Secrets and family upheaval test Katie and Ana’s newly minted friendship.
Adventurous Ana makes fifth grade fun, although Katie still misses the mountains and her friends back in Utah. She’s grateful for the new heart she received after her adoption from a Russian orphanage and for her loving parents, but lately she’s been wondering about her birthparents and life before adoption. Chafing at her mother’s overprotectiveness, Katie admires Ana’s fearlessness, unaware it’s prompted by desperation. Ana’s Jewish family has been torn apart since her father, who played hockey for the Boston Bruins, abruptly left them. Ana’s dropped hockey; her little brother, Mikey, is bullied by a gang of her classmates; their mother’s depressed. Soon their dad’s Russian-immigrant mother, Babushka, arrives to take charge. Ana resents her imperious ways and weird meals, so when Katie bonds with Babushka, friction develops between the girls. Ana envies the attention Katie’s loving, white Christian parents lavish on her; Katie longs for a Babushka to explain and share her Russian heritage. As misunderstandings mount, the white girls’ friendship threatens to unravel. The complicated realities of adoption—for example, that Katie’s intact adoptive family resembles Ana’s fractured one in ways an intact biological family does not—are portrayed with insight rare in children’s fiction. The also-rare depiction of a Russian-born adoptee (one of more than 46,000 in the U.S.) is especially welcome.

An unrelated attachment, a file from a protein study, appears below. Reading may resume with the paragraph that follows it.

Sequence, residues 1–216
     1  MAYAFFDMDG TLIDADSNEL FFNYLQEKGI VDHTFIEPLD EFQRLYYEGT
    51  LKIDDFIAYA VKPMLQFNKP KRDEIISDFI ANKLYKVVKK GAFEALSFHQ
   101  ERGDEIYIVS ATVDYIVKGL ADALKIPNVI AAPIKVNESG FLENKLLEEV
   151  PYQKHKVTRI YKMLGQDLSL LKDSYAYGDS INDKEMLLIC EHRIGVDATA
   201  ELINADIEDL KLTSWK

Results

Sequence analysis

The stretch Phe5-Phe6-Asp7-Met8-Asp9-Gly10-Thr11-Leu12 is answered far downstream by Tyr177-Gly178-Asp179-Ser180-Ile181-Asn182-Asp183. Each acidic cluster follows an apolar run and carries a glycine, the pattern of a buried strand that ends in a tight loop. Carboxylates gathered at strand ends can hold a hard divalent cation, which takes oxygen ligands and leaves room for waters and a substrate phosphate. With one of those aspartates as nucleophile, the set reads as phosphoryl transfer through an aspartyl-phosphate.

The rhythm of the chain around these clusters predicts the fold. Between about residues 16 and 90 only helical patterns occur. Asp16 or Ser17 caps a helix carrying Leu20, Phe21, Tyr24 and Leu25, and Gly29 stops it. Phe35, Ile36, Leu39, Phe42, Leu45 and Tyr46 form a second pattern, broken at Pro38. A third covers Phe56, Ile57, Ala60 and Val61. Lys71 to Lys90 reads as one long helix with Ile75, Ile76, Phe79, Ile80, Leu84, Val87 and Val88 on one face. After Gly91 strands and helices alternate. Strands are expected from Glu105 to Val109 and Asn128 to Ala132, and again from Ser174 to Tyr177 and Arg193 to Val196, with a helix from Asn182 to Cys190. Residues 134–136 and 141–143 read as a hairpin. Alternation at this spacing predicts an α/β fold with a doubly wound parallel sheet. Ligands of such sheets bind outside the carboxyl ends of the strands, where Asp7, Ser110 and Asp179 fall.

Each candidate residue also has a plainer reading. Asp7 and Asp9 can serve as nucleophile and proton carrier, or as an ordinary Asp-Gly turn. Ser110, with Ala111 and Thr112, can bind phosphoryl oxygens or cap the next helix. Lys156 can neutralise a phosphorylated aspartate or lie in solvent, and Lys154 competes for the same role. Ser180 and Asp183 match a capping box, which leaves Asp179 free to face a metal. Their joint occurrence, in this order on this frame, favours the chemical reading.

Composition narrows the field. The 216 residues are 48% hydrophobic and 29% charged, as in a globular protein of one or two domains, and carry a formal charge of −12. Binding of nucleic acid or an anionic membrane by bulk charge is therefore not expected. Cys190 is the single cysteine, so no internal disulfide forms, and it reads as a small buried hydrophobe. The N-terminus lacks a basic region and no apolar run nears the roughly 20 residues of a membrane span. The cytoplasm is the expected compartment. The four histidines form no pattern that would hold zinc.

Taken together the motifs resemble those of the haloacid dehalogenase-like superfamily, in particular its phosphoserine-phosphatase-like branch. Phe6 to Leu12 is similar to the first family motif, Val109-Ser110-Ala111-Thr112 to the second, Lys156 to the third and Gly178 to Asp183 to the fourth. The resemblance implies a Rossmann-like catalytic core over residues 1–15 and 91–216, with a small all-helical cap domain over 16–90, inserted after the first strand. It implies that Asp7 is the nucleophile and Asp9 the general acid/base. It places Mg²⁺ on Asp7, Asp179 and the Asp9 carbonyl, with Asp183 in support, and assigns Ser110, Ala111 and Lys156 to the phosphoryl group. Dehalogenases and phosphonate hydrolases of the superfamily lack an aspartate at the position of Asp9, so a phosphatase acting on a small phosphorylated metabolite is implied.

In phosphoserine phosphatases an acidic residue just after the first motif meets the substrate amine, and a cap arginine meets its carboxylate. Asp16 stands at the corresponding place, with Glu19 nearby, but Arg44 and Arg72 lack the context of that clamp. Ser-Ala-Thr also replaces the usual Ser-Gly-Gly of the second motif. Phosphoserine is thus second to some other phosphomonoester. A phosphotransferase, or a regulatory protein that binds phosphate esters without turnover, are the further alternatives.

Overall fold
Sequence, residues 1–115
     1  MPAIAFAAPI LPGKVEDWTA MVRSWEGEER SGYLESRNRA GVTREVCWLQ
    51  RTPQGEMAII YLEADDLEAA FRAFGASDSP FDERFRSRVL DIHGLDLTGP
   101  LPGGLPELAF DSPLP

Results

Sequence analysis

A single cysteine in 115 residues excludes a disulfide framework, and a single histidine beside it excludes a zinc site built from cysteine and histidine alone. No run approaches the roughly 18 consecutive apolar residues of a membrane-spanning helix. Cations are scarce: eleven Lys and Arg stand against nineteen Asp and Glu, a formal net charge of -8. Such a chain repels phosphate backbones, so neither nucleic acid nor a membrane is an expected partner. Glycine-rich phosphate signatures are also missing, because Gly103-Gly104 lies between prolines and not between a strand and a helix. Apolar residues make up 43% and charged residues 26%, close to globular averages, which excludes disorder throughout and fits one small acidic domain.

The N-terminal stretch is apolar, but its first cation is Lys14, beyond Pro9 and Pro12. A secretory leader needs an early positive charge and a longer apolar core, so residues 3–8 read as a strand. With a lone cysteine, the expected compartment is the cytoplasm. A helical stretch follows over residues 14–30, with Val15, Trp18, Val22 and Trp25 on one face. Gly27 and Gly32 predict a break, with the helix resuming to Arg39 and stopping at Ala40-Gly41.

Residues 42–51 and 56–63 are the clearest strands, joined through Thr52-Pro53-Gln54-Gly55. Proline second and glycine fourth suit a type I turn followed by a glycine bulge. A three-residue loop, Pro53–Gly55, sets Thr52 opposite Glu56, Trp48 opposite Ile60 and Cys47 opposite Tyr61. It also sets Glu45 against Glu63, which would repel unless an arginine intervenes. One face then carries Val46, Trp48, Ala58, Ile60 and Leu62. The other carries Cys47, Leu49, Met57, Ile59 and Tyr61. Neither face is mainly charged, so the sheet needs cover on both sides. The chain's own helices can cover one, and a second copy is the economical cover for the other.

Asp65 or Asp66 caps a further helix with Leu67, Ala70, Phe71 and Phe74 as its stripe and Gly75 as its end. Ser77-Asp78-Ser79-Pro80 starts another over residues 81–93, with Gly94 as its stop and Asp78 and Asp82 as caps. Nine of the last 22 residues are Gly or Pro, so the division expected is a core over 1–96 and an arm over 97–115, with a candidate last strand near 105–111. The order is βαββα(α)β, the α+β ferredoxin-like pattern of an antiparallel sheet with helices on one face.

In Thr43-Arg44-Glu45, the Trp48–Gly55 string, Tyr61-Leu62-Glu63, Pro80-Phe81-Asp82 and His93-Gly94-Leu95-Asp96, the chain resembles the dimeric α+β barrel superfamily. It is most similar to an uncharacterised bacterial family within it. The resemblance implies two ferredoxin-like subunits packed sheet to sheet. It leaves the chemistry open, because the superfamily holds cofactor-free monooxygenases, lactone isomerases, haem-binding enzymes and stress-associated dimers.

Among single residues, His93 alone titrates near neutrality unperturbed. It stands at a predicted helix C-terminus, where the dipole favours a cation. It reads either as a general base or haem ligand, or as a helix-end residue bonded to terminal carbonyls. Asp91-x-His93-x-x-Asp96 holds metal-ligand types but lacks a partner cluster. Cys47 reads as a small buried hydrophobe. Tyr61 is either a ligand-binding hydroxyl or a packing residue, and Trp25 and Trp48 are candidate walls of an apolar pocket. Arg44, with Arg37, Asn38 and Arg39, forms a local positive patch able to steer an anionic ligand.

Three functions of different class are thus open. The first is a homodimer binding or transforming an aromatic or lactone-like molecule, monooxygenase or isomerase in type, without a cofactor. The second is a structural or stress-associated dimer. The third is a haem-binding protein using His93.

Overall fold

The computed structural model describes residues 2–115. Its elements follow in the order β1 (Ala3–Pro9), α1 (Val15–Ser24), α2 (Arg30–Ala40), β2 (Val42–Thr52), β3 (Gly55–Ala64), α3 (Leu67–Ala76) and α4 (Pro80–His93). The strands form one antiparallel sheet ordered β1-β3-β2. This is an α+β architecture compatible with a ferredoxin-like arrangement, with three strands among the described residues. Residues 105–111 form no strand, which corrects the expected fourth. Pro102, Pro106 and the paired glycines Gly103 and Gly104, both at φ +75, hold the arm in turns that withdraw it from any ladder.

A well-told story celebrating the power of friendship to comfort and heal when families fall short. (Fiction. 8-12)